The Gregorian Institute of Paris was a pedagogical and religious establishment founded in Paris in 1923 having in view the musicianship of Gregorian chant.[icp 1] This institute was created following a Parisian congress devoted to Gregorian chant and sacred music, held in December 1922.
Duting the Second Vatican Council, this establishment became the Institut de musique liturgique in 1964, and finally was integrated with the Institut catholique de Paris in 1968, after their long collaboration.[icp 1]
In December 1922, a congress of Gregorian chant and sacred music was organized by l'Art Catholique. This conference was a huge success, thanks to the support of the new Archbishop of Paris since 1920, Louis-Ernest Dubois, and above all to the support of the monks of the Solesmes Abbey, who returned to France after their long exile to Quarr Abbey in England.
That is why, taking advantage of this success, the Gregorian Institute in Paris was founded under the protection of the Cardinal. Dom Joseph Gajard of Solesmes was in charge of teaching Gregorian chant there for two years, between Wednesday and Friday. Two years later, a former student of the Schola Cantorum de Paris, Auguste Le Guennant, succeeded him, not only as professor but also as director of the school. Following this creation, Pope Pius XI, a true successor of the liturgical reform of Saint Pope Pius X, expressed his "lively satisfaction" to Cardinal Dubois, sending him a brief message.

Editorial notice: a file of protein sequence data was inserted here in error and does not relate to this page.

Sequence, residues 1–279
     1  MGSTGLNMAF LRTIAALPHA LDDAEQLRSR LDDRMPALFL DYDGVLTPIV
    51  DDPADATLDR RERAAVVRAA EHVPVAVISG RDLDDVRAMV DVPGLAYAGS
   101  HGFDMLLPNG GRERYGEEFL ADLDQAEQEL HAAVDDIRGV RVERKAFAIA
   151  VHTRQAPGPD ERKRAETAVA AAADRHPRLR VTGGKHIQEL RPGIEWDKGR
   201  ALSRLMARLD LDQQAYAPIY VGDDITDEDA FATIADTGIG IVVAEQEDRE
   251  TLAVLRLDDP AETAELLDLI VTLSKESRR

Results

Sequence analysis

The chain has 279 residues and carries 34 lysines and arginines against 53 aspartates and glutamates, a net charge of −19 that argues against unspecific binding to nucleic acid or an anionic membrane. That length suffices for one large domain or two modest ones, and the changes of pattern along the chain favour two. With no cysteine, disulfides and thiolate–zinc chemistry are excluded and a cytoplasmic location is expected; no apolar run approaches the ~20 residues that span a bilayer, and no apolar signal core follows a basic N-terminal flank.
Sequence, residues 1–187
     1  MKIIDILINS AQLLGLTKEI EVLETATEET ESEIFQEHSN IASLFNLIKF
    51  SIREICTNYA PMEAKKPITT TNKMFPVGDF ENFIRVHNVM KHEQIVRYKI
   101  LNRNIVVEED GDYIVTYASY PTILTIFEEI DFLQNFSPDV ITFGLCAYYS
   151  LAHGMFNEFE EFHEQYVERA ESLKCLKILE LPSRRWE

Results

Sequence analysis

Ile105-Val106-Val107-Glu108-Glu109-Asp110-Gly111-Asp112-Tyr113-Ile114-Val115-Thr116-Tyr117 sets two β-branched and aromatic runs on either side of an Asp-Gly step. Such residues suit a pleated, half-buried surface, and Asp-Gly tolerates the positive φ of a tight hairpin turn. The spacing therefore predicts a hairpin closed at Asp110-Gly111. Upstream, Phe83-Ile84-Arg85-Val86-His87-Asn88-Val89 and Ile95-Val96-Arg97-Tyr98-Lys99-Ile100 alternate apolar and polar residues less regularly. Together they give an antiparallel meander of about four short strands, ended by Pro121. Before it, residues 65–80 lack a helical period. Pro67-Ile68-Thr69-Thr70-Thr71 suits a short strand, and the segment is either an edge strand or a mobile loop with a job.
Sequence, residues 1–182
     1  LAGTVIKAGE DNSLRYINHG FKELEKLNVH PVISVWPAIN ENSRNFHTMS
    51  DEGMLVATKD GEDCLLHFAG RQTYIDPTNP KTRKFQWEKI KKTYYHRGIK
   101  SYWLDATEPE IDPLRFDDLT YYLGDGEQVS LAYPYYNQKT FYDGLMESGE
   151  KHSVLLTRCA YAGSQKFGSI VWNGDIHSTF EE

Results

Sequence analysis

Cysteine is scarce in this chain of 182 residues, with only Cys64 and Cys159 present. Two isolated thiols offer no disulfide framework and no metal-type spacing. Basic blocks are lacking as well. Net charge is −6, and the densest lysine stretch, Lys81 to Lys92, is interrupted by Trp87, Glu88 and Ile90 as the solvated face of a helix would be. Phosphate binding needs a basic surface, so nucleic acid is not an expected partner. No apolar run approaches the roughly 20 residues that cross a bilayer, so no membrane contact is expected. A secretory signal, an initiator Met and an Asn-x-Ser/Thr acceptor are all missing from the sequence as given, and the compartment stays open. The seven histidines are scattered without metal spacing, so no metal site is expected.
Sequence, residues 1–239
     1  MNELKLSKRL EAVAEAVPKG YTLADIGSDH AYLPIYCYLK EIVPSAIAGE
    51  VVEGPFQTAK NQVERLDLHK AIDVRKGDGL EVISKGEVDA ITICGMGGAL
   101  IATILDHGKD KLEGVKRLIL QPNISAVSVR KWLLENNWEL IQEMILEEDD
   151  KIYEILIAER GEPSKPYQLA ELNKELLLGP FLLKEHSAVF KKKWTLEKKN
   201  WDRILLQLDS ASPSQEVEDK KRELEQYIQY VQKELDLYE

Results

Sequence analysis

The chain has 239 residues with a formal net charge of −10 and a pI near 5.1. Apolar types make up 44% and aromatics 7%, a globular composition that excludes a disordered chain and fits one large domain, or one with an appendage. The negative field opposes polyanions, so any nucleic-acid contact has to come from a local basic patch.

Just after the Institute was founded, the next congress was held. The Institute's first conference was held on 24 January 1924.
Moreover, the Revue grégorienne, founded in 1911, had suspended publication since 1940. In 1946, the Institute supported its recovery by taking advantage of its newsletter, from which some of the elements were taken up by the journal. The director of the magazine was the first teacher of Gregorian chant, Dom Gajard. It was thanks in particular to the dynamism of his teacher Auguste Le Guennant, who helped restore several journals, despite a difficult period after the war. By promoting many Gregorian teachings such as Gregorian sessions, he turned his institute into a true Gregorian pedagogical centre.[icp 3]
Presumably because of the Second Vatican Council, this institute became that same year Institut de musique liturgique, which in 1968 was finally attached to the Institut catholique de Paris, like other catholic institutes.[icp 1]
The Institute also published its newsletter, which distinguished itself by its collaboration in support of the Revue grégorienne.